A Certificate of Deposit, or CD, is a federally insured savings account. Unlike regular savings accounts, money cannot be withdrawn at any time. Instead, funds must remain in the investment for a set amount of time of 3, 6, 12, 24, or 60 months. In return, investors receive favorable interest rates and a regular monthly interest payout on their investment if they choose.
CD investments will have a maturity date, and investors should keep the funds invested until that date arrives. Early withdrawal, even if permitted, will always result in penalty payments.
There are many different types of CDs, including the following:
- Traditional CD
- Bump-up CD
- Step-up CD
- Liquid (or no-penalty) CD
- Zero-coupon CD
- Callable CD
- Brokered CD
- High-yield CD
- Jumbo CD
- IRA CD
- Add-on CD
- Foreign currency CD
Working with a qualified financial advisor is the best way to determine the best CD for your unique financial circumstances. This article aims to outline three potential CD investment strategies – not as investment advice – but as a foundation to begin discussions with your certified financial planner.
Strategy 1 – CD Ladder
In the ladder strategy, you invest in several CDs with different terms, each one of which forms a ‘rung’ on the ‘ladder.’ For example, a $5000 investment is split into five various investments:
- $1000 in a 1-year CD
- $1000 in a 2-year CD
- $1000 in a 3-year CD
- $1000 in a 4-year CD
- $1000 in a 5-year CD
When the first investment (the 1-year) matures, you reinvest the money, plus interest, into the 5-year CD. Then you do the same with the rest when they mature, resulting in a reinvestment every year into your long-term CD.
This strategy allows you access to funds if needed and takes advantage of the higher interest rates on the longer-term investments – the best of both worlds!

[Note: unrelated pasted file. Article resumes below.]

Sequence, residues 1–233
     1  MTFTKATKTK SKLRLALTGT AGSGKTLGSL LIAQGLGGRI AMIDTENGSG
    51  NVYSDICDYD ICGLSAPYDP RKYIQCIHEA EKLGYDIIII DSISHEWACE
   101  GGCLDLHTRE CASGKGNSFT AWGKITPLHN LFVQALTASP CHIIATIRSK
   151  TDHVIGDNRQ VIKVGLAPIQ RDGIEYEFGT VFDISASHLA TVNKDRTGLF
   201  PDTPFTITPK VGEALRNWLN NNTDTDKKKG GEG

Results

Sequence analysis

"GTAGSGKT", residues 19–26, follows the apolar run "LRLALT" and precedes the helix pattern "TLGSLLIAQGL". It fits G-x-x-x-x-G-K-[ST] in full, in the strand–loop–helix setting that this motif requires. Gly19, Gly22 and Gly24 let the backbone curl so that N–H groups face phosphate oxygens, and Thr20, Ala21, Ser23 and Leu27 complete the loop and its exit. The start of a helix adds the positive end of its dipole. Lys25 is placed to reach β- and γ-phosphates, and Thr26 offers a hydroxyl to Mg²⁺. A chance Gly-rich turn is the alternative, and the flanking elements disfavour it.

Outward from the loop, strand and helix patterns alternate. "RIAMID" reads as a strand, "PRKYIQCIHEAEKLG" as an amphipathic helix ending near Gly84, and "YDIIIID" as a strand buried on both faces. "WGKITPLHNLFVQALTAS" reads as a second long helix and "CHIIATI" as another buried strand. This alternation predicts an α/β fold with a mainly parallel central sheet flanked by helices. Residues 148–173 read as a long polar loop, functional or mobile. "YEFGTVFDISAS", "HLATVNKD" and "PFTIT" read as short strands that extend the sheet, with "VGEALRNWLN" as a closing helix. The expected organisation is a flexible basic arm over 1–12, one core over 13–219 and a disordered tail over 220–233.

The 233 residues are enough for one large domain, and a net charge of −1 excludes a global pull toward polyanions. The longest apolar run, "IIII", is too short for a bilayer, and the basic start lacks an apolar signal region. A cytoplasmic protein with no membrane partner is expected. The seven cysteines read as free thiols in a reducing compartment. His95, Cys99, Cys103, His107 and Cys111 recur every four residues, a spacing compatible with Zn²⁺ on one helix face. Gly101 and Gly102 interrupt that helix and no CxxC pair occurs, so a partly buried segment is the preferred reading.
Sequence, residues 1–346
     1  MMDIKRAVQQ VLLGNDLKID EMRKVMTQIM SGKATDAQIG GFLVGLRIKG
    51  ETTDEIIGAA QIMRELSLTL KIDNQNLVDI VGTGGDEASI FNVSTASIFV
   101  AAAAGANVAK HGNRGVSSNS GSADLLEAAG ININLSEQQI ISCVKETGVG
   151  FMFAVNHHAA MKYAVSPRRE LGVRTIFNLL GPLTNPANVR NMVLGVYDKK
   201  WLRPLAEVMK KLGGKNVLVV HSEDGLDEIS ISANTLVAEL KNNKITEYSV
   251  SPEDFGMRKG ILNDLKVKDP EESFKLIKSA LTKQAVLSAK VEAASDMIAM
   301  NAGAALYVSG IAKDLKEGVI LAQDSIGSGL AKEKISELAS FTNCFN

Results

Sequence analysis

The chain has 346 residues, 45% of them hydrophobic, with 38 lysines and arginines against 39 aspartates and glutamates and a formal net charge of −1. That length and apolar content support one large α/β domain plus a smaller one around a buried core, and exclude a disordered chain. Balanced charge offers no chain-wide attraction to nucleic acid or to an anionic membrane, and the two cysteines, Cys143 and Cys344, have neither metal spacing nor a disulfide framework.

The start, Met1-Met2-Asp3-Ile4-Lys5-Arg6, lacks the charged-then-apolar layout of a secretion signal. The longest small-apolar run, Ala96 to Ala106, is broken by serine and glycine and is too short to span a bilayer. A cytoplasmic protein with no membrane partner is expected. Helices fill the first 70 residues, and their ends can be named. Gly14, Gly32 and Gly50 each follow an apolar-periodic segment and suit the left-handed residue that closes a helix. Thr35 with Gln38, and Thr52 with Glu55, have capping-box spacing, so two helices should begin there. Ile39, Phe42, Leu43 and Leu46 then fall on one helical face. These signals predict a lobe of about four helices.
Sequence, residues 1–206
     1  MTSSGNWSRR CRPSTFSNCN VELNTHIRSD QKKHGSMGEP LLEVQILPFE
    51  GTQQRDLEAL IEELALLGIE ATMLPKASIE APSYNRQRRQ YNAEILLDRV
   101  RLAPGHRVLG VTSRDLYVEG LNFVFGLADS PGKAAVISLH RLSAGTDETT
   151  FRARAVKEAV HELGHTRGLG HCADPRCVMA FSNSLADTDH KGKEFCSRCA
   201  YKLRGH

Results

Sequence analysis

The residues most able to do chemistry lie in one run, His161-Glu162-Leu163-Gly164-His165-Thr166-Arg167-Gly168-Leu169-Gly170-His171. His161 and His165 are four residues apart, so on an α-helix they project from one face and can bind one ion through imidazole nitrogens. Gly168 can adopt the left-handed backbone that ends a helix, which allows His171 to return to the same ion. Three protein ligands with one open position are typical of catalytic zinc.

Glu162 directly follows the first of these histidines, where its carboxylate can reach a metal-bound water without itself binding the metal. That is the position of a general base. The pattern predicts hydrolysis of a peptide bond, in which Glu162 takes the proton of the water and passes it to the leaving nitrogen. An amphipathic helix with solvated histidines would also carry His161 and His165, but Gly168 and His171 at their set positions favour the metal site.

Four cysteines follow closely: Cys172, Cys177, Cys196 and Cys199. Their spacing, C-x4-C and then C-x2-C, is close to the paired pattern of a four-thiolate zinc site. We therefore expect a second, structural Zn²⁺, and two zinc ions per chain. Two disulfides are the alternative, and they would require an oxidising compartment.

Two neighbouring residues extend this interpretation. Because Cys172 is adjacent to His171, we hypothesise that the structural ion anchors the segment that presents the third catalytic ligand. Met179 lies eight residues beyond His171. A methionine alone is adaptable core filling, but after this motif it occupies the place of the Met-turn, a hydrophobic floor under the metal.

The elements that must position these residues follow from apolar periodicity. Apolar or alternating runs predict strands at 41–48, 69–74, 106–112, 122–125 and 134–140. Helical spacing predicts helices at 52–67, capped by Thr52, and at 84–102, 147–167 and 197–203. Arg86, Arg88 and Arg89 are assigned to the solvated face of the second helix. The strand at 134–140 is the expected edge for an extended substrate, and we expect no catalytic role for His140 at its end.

Strategy 2 – CD Barbell
With the barbell strategy, you only invest in the extremes: long-term CDs and short-term CDs.
A $5000 investment with a barbell strategy will be split as follows:
- $2,500 in a 6-month CD
- $2,500 in a 5-year CD
When the shorter-range investment matures, you do one of two things: 1) invest in another short-range CD at another bank, or 2) reinvest in the longer-term one. To determine the best option, you need to evaluate interest rates.
Barbell strategies are primarily used by investors waiting for interest rates to rise. The shorter-term CD is for you to access regularly and invest where the interest rate is highest, while your long-term CD matures with time.
Strategy 3 – CD Bullet
The bullet strategy aims to have multiple CDs mature within the same time frame. It’s an ideal strategy to save for something big like a wedding or buying a home. You take out multiple CDs at different terms, but you don’t begin them simultaneously.
Here, the $5000 can be split as follows:
- $2,000 in a 5-year CD
- $1,500 in a 3-year CD in the second year
- $1,500 in a 1-year CD in the fourth year
The aim is to stagger the investments, which results in close maturity dates. Since CDs give a great interest rate but are often restrictive of adding funds regularly, this is a great way to get around it.
These three simple but highly effective CD strategies can be a great jumping-off point for those looking to get their feet wet in investing. Be sure to always consult with a financial professional to evaluate the best options for your own circumstances. Happy investing!